It’s been 17 years since Takafumi’s uncle fell into a coma. The family has split over whether or not to continue to care for him, so when he awakens unexpectedly in 2017, it falls to Takafumi to tend to him. The young man is already struggling to make ends meet though and is ready to cut his uncle free, when he discovers that the man’s babbling about living in another world during his time asleep may not be just a crazy delusion after all.
When Takufumi sees that his uncle can ignite flames and use wind to move objects, he has a change of heart. After all, this discovery means that he can use his uncle to make money! Taking him in, the two partner together on a YouTube channel (of course) while Uncle gets used to the modern world, including the power of Wifi, eBay, and room sharing! From Takufumi’s perspective though, the wonder lies in his uncle’s powers and memories, which he can display in the form of a digital monitor of sorts. It’s too bad that all Uncle really wants to do is play his SEGA console again.
More than any title this season (even more than Made in Abyss), I’ve been anticipating Uncle from Another World. The manga on which it’s based is dry, peculiar, and over-the-top hilarious, though I worried about how such humor (and a purposely “ugly”-looking series) could be adapted into animation. Looks like those worries were unfounded, with episode one doing well in sharing bits of the odd but accessible humor from the series, as well as the warmth of Uncle’s character.
Covered in dull and sepia tones and with a wrinkly sort of look, the series has a throwback feel through and through, including in its “modern day” setting of 2017 and Uncle constantly looking back to his youth (2000 and earlier) as well as his journeys in the isekai world. But most importantly, the series is entirely founded on Uncle, who establishes himself from the get-go as one of this season’s most lovable characters. He’s suffered through so much—the coma itself seems to be secondary to his treatment as an orc (due to his ugly face) in the other world—but remains eternally optimistic, partly through his obliviousness to the world and relationships around him, including a beautiful tsundere girl who likes him (a final scene in the episode involving her is riotous), but mostly because of all his exceptional powers. The greatest of these powers may just be his ability to immediately pop back up from circumstances or attacks, whether he’s been knocked down by the likes of Internet trolls or the even scarier (?) ones from a fantasy world. The characters in this show are a bit depressed and quite longsuffering, and yet the tone of the series is ultimately hopeful, meaning that it speaks a bit of reality and loveliness into our real world, using a fantastic scenario and a most nerdy character to do so.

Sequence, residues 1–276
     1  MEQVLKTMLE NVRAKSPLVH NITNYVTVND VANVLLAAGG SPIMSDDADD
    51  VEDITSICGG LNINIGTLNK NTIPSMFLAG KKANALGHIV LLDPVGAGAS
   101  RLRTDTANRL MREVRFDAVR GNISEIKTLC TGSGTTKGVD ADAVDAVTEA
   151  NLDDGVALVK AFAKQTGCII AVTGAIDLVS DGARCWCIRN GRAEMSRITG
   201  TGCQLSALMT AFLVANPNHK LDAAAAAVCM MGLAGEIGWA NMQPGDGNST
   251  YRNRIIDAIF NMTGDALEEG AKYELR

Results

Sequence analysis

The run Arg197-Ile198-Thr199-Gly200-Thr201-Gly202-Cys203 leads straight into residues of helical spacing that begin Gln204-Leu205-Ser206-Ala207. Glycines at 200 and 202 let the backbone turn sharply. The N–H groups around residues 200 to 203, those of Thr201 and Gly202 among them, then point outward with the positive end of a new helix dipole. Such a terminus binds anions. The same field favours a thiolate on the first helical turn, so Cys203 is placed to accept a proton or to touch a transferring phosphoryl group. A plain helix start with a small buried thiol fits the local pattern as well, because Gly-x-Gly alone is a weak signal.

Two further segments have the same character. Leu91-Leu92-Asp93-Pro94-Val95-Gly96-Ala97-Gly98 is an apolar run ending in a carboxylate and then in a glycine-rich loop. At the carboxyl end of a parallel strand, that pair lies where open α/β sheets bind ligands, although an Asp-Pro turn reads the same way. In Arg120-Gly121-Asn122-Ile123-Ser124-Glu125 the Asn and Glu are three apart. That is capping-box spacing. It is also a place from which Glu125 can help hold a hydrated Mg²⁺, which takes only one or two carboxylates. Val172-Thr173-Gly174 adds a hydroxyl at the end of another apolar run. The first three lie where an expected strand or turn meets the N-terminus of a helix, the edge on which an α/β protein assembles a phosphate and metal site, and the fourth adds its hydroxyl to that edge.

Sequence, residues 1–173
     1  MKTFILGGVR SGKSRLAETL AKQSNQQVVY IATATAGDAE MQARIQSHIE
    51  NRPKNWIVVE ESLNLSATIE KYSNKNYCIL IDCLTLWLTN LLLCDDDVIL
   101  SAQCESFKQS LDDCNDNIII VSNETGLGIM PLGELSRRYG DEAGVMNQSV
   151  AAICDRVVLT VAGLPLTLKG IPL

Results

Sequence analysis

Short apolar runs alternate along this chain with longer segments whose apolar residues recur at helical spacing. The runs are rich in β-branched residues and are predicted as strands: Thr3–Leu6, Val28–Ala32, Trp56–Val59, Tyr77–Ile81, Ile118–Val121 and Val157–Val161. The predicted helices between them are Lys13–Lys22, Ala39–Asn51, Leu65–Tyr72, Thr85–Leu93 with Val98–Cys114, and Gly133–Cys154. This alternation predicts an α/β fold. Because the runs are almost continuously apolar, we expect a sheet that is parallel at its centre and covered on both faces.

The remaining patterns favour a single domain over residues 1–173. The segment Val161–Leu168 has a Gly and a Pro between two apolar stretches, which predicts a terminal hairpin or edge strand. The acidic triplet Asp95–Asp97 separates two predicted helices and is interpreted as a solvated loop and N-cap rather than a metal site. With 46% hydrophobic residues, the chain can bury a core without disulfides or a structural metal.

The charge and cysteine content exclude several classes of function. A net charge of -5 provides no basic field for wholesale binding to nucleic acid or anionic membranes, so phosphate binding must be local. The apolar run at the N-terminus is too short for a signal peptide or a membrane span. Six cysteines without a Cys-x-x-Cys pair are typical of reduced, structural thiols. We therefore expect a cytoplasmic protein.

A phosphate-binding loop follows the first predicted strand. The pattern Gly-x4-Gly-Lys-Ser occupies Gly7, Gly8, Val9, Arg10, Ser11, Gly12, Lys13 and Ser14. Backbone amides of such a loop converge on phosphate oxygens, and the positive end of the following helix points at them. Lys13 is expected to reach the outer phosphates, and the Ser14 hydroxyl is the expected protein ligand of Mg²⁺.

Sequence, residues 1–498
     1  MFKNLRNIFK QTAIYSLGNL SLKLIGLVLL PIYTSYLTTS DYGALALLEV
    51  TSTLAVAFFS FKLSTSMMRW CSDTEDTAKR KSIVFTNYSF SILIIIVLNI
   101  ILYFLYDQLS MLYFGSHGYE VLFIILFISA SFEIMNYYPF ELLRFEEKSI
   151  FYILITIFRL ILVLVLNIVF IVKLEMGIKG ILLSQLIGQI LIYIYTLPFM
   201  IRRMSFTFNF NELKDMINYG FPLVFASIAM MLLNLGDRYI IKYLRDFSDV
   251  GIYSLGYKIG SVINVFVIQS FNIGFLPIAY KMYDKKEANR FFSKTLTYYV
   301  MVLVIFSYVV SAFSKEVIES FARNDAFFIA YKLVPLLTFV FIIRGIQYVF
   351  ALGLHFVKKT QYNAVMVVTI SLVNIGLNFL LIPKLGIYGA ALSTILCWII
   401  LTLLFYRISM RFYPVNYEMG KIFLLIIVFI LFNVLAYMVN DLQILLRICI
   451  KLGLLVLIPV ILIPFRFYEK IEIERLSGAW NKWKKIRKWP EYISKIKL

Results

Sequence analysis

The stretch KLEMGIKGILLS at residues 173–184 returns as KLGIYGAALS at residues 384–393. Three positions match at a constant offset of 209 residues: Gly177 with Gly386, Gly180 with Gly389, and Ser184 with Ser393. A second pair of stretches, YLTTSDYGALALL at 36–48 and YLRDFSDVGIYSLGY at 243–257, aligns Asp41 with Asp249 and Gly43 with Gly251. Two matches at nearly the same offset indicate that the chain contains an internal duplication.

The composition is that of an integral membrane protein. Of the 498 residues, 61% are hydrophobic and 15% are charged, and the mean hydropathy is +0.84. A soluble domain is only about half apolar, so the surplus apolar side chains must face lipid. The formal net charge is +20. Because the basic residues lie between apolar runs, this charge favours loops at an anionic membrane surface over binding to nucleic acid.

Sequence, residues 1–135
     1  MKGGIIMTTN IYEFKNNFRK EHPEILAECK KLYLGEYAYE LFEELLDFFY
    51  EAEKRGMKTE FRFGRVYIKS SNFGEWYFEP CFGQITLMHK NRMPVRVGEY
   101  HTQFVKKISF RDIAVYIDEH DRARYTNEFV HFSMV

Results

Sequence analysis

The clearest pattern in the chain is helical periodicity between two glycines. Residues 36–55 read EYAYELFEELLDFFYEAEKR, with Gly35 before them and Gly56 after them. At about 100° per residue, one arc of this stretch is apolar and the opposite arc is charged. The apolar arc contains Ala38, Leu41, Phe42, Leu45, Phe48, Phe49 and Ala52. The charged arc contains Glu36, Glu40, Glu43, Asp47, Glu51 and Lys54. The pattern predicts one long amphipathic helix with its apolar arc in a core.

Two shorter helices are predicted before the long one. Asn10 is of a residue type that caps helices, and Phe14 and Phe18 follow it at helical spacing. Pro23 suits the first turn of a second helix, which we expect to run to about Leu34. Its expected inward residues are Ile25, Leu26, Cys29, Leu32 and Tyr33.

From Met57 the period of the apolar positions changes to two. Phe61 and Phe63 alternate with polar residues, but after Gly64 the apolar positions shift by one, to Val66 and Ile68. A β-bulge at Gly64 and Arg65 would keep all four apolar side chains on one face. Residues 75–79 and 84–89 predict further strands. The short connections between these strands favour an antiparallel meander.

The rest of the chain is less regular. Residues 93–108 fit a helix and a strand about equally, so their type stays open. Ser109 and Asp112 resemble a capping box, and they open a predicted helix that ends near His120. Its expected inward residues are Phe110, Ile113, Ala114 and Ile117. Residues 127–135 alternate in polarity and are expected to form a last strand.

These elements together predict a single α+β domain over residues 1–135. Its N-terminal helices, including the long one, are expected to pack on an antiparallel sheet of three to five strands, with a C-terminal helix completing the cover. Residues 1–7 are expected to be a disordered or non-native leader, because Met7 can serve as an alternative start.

While I’m obviously bullish on the series, I should note that it’s not a “10” from the start. I enjoyed the humor but despite the approach, the jokes aren’t necessarily unique (other than Uncle’s face causing him to be hunted down), and the first episode wasn’t outright hilarious. However, the manga gets better, and I assume this series, already excellent in episode one, will as well. That makes this series one worth watching throughout the season.
Uncle from Another World can be streamed on Netflix, where the series airs two episodes behind the Japanese release calendar.
2 thoughts on “First Impression: Uncle from Another World”
I’ve read the manga, and I think it’s really interesting how the Uncle and Nephew almost want to trade lives. The nephew is really interested in learning about the Uncle’s isekai adventures, while all the Uncle wants is to learn about what happened on Earth during the past 17 years.
I have a love-hate relationship with the series. It’s very funny, but I also feel bad for Uncle and everyone involved since every situation seems to end badly. The only good thing is that the Uncle is unaware of how awful some situations were. I think the nephew is a great character as I always felt exactly the same as he did. I plan to keep watching while internally raging or crying depending on the situation.
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